Who: Michigan (13-12, 6-7) vs. Penn State (9-16, 1-12)
Michigan is looking for their first three game winning streak since beginning the season 3-0. They welcome last place Penn State into the friendly confines of Crisler Arena. Penn State is fresh off their first Big Ten win, an 81-70 upset at Northwestern.
As crazy as it seems, Penn State might be the best 1-12 Big Ten team in quite some time. Penn State ranks 103rd in Pomeroy’s ratings, ahead of fellow cellar dwellers Iowa and Indiana. Last year was a magical season for the Nittany Lions, they pulled upset after upset before coming up one game short of the NCAA tournament. This year’s Penn State team has fallen on the other side of the luck spectrum, Talor Battle’s magic hasn’t been quite as effective and they haven’t been able to win many close games. Sound familiar? Just a little bit.
Talor Battle is the catalyst for Penn State. He is one of the elite players in the conference and he can do it all: score, pass, and rebound. His supporting cast has struggled this year, but in their Wednesday night win at Northwestern they finally stepped up. Battle scored only 12.5% of Penn State’s points compared to his season total of 29.4%.
David Jackson, Chris Babb, and Jeff Brooks all range from 6’5″-6’8″ and average 7 to 10 points and 4 rebounds per game. They combined for 52 points in Penn State’s lone conference win but that was the first time they all scored in double figures during Big Ten play.
In the post, Penn State has a pair of Andrews. Andrew Jones III appears to ooze with potential but he’s averaging only 6 points and 5 rebounds per contest. 6’10” Andrew Ott comes off the bench, averaging 4 points and 2 boards. The Nittany Lions main contributor off the bench is freshman backup point guard Tim Frazier.
Offensively, Penn State holds onto the ball and shoots it decently from the field. However for the most part their offense revolves around watching Talor Battle work. Penn State does have a few competent three point shooters and they shoot 33.6% from behind the arc as a team. Talor Battle’s prowess from beyond the arc is well known (35.5%) but David Jackson (38.3%) and Chris Babb (34.7%) can also hit the three.
Defensively, Penn State struggles to force turnovers and defend the three. Their opponents turn the ball over on less than 15% of their possessions in conference play. Michigan actually has the highest turnover percent versus Penn State of any Big Ten team, however most of that is because they turned the ball over 9 times in the first half (which was easily one of their worst halves of the year). In conference play, Penn State’s opponents are shooting 38% from three point range and a conference worst 54.2% effective field goal percentage. The one thing Penn State does extremely well on the defensive side of the ball is rebound, their defensive rebounding percentage of 74.8% is second in the nation.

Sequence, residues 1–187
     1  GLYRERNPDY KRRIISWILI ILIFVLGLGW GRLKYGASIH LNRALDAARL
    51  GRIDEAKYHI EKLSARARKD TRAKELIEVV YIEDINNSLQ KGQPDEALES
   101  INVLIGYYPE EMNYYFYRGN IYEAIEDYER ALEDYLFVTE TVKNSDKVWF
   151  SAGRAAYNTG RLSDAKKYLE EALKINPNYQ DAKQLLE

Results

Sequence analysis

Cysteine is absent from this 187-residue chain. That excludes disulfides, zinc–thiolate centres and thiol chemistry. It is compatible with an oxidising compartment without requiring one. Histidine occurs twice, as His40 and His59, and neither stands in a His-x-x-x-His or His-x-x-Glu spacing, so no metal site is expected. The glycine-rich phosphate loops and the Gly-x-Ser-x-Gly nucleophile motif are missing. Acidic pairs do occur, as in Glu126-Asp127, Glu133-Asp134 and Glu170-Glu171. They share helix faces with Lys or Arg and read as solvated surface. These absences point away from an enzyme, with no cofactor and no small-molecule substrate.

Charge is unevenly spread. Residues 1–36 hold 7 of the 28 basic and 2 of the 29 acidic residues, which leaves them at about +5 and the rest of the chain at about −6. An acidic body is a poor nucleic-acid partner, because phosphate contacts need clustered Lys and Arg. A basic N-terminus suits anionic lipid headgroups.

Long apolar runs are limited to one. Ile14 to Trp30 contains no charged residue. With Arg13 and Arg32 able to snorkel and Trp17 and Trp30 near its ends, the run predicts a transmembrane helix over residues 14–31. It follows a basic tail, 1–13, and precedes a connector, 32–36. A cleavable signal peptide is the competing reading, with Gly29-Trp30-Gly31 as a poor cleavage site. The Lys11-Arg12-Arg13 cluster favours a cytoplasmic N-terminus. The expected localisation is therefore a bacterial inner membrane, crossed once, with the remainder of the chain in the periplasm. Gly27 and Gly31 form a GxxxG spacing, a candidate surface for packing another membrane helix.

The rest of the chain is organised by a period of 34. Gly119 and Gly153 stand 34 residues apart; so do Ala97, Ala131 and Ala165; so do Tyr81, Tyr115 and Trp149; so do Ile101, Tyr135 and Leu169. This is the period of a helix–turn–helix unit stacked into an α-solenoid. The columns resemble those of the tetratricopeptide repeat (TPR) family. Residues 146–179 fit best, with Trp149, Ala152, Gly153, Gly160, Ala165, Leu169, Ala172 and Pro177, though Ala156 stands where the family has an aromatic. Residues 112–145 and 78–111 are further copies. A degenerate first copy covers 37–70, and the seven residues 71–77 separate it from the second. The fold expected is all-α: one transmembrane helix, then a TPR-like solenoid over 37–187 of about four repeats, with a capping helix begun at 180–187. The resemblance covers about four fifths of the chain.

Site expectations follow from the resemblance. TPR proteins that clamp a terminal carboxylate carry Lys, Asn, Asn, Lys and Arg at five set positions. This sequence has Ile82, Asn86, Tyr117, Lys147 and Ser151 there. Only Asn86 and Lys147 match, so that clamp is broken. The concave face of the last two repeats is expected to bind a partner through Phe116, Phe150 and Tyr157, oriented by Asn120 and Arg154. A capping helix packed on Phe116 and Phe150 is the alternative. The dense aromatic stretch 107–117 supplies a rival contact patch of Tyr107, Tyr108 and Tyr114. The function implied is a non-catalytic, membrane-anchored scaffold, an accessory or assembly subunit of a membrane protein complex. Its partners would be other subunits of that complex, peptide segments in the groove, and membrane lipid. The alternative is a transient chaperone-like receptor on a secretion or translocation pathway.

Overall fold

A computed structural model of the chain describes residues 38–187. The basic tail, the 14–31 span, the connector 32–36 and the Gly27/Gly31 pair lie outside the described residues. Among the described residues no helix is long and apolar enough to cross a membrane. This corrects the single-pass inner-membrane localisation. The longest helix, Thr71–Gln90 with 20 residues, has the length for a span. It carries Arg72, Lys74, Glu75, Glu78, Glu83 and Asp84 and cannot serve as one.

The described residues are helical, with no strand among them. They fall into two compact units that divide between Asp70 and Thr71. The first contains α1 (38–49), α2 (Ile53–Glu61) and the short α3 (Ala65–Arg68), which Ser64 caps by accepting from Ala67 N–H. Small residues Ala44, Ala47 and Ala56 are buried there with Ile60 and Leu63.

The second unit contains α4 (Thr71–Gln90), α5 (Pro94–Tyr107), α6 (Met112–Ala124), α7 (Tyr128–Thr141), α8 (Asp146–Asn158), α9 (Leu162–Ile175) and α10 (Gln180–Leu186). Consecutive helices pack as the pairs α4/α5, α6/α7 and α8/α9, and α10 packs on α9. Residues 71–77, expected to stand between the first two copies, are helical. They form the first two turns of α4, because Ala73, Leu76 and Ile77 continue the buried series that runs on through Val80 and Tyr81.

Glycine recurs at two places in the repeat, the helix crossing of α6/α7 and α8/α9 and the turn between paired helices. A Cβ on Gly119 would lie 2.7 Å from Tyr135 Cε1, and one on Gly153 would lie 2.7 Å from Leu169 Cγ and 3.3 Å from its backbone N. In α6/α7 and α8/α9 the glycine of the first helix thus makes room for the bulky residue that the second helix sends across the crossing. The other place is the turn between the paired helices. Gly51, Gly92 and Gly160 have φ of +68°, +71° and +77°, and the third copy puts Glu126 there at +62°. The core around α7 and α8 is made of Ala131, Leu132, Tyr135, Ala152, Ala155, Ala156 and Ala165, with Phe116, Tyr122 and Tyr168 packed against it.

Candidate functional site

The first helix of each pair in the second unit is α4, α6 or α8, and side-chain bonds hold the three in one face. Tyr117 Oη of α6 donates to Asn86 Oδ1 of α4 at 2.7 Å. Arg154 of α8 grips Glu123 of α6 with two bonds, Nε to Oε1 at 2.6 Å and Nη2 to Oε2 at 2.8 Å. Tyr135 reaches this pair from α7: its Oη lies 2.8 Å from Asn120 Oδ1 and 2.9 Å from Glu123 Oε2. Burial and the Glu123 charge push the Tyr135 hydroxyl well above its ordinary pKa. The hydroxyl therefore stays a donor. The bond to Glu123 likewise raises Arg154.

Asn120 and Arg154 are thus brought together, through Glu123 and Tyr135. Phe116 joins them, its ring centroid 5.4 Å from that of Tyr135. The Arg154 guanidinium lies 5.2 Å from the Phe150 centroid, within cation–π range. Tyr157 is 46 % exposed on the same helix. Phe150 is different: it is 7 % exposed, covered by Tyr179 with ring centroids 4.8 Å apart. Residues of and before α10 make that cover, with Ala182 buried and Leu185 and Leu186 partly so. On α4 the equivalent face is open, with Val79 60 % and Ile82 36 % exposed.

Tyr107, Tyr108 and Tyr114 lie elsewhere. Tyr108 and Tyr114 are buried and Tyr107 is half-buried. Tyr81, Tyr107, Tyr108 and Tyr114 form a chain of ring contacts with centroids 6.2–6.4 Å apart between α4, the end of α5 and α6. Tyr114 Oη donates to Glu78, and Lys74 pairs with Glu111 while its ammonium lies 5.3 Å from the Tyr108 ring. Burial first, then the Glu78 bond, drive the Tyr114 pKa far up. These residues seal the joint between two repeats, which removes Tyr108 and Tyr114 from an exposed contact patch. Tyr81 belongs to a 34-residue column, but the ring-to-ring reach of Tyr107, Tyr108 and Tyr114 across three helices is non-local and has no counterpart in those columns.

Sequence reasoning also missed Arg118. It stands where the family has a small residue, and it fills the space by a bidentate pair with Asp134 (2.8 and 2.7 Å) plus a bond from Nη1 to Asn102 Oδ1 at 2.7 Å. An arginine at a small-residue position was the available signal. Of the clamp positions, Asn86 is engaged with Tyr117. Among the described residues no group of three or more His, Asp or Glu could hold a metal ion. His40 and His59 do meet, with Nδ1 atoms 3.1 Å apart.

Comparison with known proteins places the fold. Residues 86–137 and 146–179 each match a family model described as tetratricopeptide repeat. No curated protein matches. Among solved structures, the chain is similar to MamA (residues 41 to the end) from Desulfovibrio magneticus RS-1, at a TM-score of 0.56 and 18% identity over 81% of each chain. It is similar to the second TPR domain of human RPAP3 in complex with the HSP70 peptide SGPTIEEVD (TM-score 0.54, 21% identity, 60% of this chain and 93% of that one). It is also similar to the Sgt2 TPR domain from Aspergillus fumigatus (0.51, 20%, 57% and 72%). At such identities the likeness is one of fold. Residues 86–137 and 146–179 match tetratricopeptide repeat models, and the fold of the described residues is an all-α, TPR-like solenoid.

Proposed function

Three point shooting is worlds more important than offensive rebounding for Michigan. I’d much rather play a great defensive rebounding team that lets opponents hit three point shots than vice versa. If Michigan holds onto the ball and hits threes, they will be in a good position to beat most teams regardless of offensive rebounding. Michigan is obviously used to winning without pulling down many offensive rebounds or shooting free throws.
Judging by Penn State’s performance versus Northwestern. Michigan should stay away from the 1-3-1 zone and stick to strictly man-to-man defense. Penn State picked Northwestern’ s 1-3-1 zone apart and the Wildcats run a much more effective 1-3-1 than Michigan. Luckily Michigan has been playing man-to-man 95% of the time and it appears to be gradually improving.
Penn State’s lackluster shooting defense bodes well for Michigan, so maybe the hot three point shooting continues?. DeShawn Sims dominated the first match-up, scoring 25 points on 12 of 17 shooting. Big performances from Sims have been the norm this year in confernece play, he has scored 17+ points in 11 of 13 Big Ten games. Neither Andrew Jones or Andrew Ott are capable of defending DeShawn when he is on his game so Michigan would be well served to pound the ball inside early and often.
Pomeroy gives Michigan a 79% chance at victory with a score prediction of 65-58. This is one of those “taking care of business” wins that Michigan needs to get if they are serious about finishing the season on a high note and shooting for a .500 conference record. Let’s hear your thoughts and predictions in the comments.
P.S.: Michigan at Michigan State is slated for Sunday, March 7 at 4 p.m. on CBS.
P.P.S.: Calvin is planning on making the trip out to see Carlton Brundidge and Southfield take on Clarkston tonight. We should hopefully have a scouting report and video for you later this weekend.